Philip Neri, the Common Denominator

Dan Graves, MSL

Philip Neri, the Common Denominator

The musical form called the "Oratorio," the counter-Reformation, the Jesuits, lay ministries, a new Roman Catholic order, and John Henry Newman have a common denominator. That denominator is Philip Neri.

Born into a noble family, the son of a lawyer, Philip Neri was notable in his youth for self-discipline and love of learning. At age 17 he was sent to work with an uncle, a wealthy merchant, who offered to leave Philip his business. But commerce was repugnant to Neri. At 18 he renounced the lucrative offer and went to Rome. There he supported himself as a private tutor, studying, fasting and praying. He especially admired the life and work of Savonarola. To all who knew him, he seemed destined for the priesthood. How astonished they were when instead he sold his books, gave the proceeds to the poor, and became a lay evangelist.

For 13 years he pursued his individualistic course, steeping himself in piety, meditating on the gospels, visiting the catacombs, and winning friends and acquaintances to Christ. In 1548 he left his solitary path and organized a group of laymen to assist impoverished or sick pilgrims. His spiritual director, Father Rosa, urged him to become a priest, arguing he would better be able to serve the world. Neri consented.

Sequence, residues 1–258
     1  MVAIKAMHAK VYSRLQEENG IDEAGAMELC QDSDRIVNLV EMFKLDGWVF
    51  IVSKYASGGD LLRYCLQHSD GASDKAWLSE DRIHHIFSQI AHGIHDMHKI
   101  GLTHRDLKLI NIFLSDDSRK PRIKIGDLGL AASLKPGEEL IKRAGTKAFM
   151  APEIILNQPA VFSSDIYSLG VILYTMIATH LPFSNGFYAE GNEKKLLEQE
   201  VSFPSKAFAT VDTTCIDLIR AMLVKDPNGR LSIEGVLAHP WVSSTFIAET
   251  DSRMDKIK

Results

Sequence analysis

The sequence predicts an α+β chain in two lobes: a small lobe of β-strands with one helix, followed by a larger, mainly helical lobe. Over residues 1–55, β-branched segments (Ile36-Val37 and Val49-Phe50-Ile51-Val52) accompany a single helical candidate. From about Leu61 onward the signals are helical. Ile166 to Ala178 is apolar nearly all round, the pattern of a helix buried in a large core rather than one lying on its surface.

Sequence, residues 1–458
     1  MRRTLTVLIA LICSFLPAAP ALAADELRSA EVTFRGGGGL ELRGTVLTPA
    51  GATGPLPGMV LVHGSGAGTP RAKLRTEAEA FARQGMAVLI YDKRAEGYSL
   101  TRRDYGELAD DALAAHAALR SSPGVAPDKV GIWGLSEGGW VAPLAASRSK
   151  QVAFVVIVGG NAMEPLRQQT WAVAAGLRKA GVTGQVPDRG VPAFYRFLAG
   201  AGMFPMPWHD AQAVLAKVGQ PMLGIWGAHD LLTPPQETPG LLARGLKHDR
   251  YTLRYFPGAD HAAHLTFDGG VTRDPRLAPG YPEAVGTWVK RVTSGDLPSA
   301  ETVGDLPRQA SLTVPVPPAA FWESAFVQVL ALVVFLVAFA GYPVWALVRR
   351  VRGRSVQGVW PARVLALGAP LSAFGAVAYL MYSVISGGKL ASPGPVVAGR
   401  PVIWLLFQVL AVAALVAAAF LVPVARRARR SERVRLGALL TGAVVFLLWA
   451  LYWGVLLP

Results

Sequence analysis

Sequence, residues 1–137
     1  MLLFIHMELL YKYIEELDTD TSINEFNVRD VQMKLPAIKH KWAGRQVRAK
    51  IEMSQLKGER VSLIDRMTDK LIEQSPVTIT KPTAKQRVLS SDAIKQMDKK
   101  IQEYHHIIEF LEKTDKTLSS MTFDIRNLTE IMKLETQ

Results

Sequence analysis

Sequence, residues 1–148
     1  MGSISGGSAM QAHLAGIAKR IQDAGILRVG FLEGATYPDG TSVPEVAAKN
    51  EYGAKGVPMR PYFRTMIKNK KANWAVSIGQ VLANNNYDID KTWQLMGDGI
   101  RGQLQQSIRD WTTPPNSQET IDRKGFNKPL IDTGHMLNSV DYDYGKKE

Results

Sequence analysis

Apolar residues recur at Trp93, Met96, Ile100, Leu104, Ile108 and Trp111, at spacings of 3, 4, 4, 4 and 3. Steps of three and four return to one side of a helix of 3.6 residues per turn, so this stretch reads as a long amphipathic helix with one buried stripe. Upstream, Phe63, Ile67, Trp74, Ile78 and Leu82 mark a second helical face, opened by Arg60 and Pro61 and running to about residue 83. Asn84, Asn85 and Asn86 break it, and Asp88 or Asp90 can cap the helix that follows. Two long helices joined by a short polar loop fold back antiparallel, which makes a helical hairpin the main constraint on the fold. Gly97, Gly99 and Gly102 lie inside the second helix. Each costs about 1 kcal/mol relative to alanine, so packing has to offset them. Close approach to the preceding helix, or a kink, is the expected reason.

As priest of S. Girolamo della Carità, his confessional drew many pilgrims and converts. To further their sanctification, he developed a series of informal afternoon talks and discussions, combined with prayers and hymns.

Several of Philip's followers became priests. At the church of S. Giovanni dei Fiorentini, they formed a community but took no vows. They ate, prayed and worked together in an oratory built over the church, and on this day, May 25, 1574, they became the nucleus of a new order, the Congregation of the Oratory. He adapted the work he had developed at S. Girolamo to his new church. Often the talks and Bible readings were accompanied by musical pieces composed by his follower Palestrina. Thus was born the form known as the oratorio. The Congregation of the Oratory was approved by Pope Gregory XIII in 1575 for prayer and preaching. About 50 congregations exist today.

A church building at Rome was given to the order. In Rome, Philip labored with much success to call worldly church leaders to personal holiness. Great men and the spiritual leaders of the age, including Ignatius of Loyola, founder of the Jesuits, came to him for advice. Next to Loyola, Neri is considered the greatest of the Roman Catholic Counter-Reformation figures. Some report his personality was in many respects as attractive as St. Francis of Assisi's. The Catholic converts John Henry Newman and Frederick Faber founded Congregations of Oratorians in England.

Bibliography:

  1. Jameson, Anna. Legends of the Monastic Orders. London: Longman, Green and Co., 1872.
  2. Neri, Philip. Dictionary of Scientific Biography. Editor Charles Coulston Gillispie. New York: Scribner's, 1970.
  3. "Neri, Philip, St." and "Oratorians." New Catholic Encyclopedia. New York : Thomson, Gale, 2002 - .
  4. "Philip Neri, St." The Oxford Dictionary of the Christian Church. Edited by F. L. Cross and E. A. Livingstone. Oxford, 1997.

Last updated April, 2007.

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